Alex Witt | May 25, 2013
>>> 108 days of a hunger strike and just today, three more were hospitalized and four more were force fed . president obama is calling for a close but there's still a long road ahead. bill richardson who served as sea secretary of energy and ambassador to the u.n. thank you for joining me.
>> thank you, alex .
>> closing gitmo, as you know, was perhaps the biggest initiative in the president's speech. is it politically possible?
>> well, it's going to be tough but i think it's possible. there's momentum towards making this change. you've got to remember, alex , this was caused, this guantanamo, by illegal detention of prisoners, by por tur in the past administration. what the president has said is he wants to have the congress eliminate the ability of the president to keep the ability of the president to transfer prisoners. congress refuses to do that. he said that we can try a lot of these prisoners in civilian courts, limited military courts , that we need to close this down not just for foreign policy reasons, this terrible image abroad. but also i think there's some real civil liberties . i think the president has seized the momentum on this issue. the hunger strike , which should not be the justification, it should be an important element here. the important justification is that this can be done in civilian court with appropriate, judicial screening and action but at the same time we've got to recognize what happened in boston, what has happened in 9/11. we still have a threat from terrorists.
>> you said a terrible image abroad. elaborate on the impact of gitmo as well as the strikes on foreign relations .
>> well, obviously in pakistan it has probably hurt our policy the most. the guantanamo issue, the drone issue. on the issue of drones, the president has also made important statements. one, no longer will they be used on the basis of suspicion. there has to be eminent threat. the department will be in charge of it, not the cia. more transparency. third, there's going to have to be some very, very sensible, special initiatives, like a special court whenever lethal force is used. but i think to protect our national security , because there are still threats there, it has to be used. more congressional oversight probably makes sense, although there has to be some confidentiality and secrecy. but i think he's made important reforms there, too.
>> yes. they talk about preference for capture as well. the speech left a lot of things unclear. we still don't know what constitutes intent or imminent threat . did you hear substantive changes to the drone policy?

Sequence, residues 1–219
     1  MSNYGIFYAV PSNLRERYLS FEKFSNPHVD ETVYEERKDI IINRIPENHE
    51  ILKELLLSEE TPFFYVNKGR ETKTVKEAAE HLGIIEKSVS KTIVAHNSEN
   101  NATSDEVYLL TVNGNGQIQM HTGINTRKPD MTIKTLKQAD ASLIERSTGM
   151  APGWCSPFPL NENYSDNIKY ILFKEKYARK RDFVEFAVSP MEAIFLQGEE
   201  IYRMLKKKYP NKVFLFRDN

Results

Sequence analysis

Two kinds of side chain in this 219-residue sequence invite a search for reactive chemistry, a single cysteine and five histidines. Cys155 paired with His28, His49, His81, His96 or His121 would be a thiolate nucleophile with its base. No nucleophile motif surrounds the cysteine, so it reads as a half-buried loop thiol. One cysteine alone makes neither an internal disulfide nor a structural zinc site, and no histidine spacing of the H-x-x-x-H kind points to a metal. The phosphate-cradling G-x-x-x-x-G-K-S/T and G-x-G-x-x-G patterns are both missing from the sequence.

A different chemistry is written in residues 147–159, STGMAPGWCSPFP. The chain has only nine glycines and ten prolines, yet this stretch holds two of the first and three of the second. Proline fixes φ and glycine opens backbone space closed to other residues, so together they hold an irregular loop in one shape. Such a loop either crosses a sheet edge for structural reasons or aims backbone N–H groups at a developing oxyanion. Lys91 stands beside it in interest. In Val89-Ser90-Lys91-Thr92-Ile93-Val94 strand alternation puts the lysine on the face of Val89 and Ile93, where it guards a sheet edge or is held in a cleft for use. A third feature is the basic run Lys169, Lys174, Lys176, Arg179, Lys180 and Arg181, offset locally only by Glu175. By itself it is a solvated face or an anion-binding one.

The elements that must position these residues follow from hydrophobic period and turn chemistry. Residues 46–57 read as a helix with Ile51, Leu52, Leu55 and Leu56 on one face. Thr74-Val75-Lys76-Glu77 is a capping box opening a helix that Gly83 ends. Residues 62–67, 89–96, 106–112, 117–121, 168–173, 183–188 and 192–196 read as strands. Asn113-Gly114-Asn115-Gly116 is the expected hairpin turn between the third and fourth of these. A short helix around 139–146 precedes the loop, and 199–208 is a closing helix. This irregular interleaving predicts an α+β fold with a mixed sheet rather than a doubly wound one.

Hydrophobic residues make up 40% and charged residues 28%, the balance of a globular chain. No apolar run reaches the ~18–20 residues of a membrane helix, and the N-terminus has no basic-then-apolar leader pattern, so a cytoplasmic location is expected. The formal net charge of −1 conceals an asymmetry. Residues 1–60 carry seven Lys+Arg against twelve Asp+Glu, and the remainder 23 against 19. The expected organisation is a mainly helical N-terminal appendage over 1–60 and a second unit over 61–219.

>> well, i did see a lot of good changes. obviously you want to carefully define what am imminent threat is. on the past it was on basis of suspicion. that has been reformed. the attorney general sent a letter to congress that outlined the use. alex , what has to happen is -- i know transparency is important but some of these documents have to be classified and limited for special use because for national security protections and i think the president did take those steps that protect our civil liberties , an independent panel to look at civil liberties associated with a lot of these panels. you know, the cia has done a good job on issues like this but their job is to keep things secret. now there will be more transparency in the department of defense .
>> in your role as former new mexico governor, you know about this. i'm talking about immigration here. earlier this week the senate judiciary committee , what is your take on the bill?
>> i think it's a good start. i'd like to see more flexibility on the path to citizenship. it takes 13 years, a lot of hoops. at the same time, i recognize that there has to be more border security . i'm a former border governor. there's some initiatives in that bill but it's an important start and the president has handled this issue well. the problem is going to be not in the senate. i think the senate bill will come out basically in good shape. what's been passed by the committee. it's when you go to the house and the house republicans, i don't know what they want to do. they may want to move piecemeal, put too many restrictions on border security so the path to citizenship becomes very difficult. but i think they are taking huge political gamblie to a huge bill but with hispanic voters which they did horrible. there are moderate republicans that are moving in the right direction. so let's hope it works out.
>> we're going to irs. we know that the white house chief of staff , dennis mcdonough decided not to inform the president about what was happening there in ohio. do you think that was the right tactic, keeping the president shielded from the information?
>> alex , i don't have all of the information on that. i did read an account that the reason the white house council did not raise it with the president was she was afraid that the president would be open to attacks that he tried to influence the investigation. and obviously that's probably a sensible legal call, was it the right political call, not having the president in the loop, it probably doesn't look good. but i think the portland and the administration have moved forward with personnel changes, with investigations. you know, this is -- look, a lot of administrations have these problems, these scandals. i've seen presidents from nixon and johnson and clinton and ford, the bushes, this happens with every administration and you can't expect the president, alex , to know everything, every step the bureaucracy does. there has to be accountability, though. here, i think what was happening, the white house staff , the council wanted to protect the president from allegations that maybe he was trying to politically influence the investigation. that's what i saw and i think this white house council made the right legal call.
>> all right. former governor and secretary richardson, thanks for your